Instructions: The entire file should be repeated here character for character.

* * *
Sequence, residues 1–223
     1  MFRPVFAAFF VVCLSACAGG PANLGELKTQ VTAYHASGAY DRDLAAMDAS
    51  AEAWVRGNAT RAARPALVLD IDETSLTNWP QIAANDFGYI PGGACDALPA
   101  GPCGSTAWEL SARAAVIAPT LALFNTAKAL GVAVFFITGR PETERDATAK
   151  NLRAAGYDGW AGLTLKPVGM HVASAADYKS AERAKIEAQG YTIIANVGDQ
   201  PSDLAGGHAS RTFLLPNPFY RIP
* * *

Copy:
Sequence, residues 1–223
     1  MFRPVFAAFF VVCLSACAGG PANLGELKTQ VTAYHASGAY DRDLAAMDAS
    51  AEAWVRGNAT RAARPALVLD IDETSLTNWP QIAANDFGYI PGGACDALPA
   101  GPCGSTAWEL SARAAVIAPT LALFNTAKAL GVAVFFITGR PETERDATAK
   151  NLRAAGYDGW AGLTLKPVGM HVASAADYKS AERAKIEAQG YTIIANVGDQ
   201  PSDLAGGHAS RTFLLPNPFY RIP